Originally Posted by NameUnknown
Is there any notable benefit to using a server/workstation motherboard over a standard motherboard. I get that there is the ECC RAM and possibly better RAID controllers, but that aside is it really worth getting the server/workstation boards over a Z77 or something like that?
Sever motherboard advantages include:
- Most decent boards include remote KVM or at least IPMI manageability so that you can access the server/console in the event of an operating system crash. A decent remote management solution will actually let you do a bare-metal recovery or install a fresh operating system without even sticking a CD in the machine or being at the keyboard while you do the work.
- Most real server motherboards also have server-grade Ethernet chipsets on them. Even the Intel Ethernet chipsets on (82579, for example) on desktop motherboards are usually not supported with server operating systems like VMware or Windows 2008 R2 or Windows 2012. Linux supports just about everything, so that's not an issue under Linux.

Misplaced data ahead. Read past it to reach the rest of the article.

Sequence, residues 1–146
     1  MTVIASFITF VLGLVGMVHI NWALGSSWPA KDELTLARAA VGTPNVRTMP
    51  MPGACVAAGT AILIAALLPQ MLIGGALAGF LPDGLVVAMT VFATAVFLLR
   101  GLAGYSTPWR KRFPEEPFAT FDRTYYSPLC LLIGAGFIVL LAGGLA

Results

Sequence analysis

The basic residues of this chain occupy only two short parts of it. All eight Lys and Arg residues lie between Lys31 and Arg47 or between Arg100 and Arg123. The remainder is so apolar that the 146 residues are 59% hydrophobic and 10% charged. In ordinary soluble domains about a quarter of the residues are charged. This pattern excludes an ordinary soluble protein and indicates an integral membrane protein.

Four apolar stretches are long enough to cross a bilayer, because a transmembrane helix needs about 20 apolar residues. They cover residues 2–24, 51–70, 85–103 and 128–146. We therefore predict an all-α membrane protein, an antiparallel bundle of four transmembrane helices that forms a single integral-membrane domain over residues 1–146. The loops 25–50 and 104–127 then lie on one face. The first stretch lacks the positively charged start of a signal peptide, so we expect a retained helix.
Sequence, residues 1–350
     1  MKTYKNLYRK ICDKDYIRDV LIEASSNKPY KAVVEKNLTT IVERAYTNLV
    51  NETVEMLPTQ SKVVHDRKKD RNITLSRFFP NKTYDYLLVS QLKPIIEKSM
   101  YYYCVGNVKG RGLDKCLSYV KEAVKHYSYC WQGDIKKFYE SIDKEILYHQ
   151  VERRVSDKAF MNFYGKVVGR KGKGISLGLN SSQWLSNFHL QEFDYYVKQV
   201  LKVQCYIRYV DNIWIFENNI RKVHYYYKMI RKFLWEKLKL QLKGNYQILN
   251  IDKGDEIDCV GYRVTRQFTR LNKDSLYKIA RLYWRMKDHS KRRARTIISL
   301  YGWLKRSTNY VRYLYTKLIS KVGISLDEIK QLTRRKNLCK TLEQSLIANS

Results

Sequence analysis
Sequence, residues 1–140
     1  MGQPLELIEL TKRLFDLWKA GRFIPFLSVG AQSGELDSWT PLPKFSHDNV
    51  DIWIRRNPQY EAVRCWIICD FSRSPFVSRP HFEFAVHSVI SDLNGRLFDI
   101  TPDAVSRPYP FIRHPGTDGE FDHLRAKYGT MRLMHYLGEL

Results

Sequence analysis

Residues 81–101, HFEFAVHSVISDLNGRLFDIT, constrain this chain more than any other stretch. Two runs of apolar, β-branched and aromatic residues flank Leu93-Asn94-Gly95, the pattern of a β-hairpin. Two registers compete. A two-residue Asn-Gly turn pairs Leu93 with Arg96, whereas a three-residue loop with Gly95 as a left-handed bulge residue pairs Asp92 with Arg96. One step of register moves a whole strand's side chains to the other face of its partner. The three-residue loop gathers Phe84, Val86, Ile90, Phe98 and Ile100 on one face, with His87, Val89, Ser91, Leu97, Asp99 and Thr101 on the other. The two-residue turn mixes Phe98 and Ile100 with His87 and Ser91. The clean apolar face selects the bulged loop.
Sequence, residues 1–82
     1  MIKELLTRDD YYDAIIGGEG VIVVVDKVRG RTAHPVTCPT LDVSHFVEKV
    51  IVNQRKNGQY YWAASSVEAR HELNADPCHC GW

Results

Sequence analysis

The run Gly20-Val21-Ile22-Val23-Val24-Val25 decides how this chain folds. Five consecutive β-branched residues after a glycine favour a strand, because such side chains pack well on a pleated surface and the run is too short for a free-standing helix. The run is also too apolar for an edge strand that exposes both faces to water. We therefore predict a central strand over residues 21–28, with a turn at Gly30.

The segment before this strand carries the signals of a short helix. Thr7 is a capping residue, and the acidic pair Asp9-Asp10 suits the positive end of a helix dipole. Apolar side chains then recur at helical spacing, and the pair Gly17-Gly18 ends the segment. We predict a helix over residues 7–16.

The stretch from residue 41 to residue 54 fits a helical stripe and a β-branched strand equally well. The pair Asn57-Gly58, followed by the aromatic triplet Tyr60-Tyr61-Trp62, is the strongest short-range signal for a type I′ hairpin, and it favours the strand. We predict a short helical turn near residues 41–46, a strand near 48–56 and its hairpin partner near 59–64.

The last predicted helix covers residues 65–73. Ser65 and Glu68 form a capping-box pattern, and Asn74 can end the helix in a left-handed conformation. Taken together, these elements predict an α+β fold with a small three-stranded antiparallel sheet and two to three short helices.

- ECC RAM is supported on a lot of desktop boards too, BUT only if the CPU supports it. For example, the Intel X79 chipset supports ECC, but ONLY if you use a Intel Xeon processor on the board. Stick a i7-3930K or 3820 in the socket, and ECC is disabled because the CPU doesn't support ECC with it's integrated memory controller. A lot of AMD boards support ECC, even for workstation/desktop processors.
Do NOT underestimate the advantages of ECC in a server where large amounts of memory may sit unchanged for a long period of time. Cosmic rays, RF/EMI emissions in the environment, etc., can all have a nasty effect of causing "bit flipping" in memory. It might not happen that often, but when it does - single-bit ECC detection and correction can mean the difference between a crash, bad data being written to disk, or some other difficulty to track and fix problem.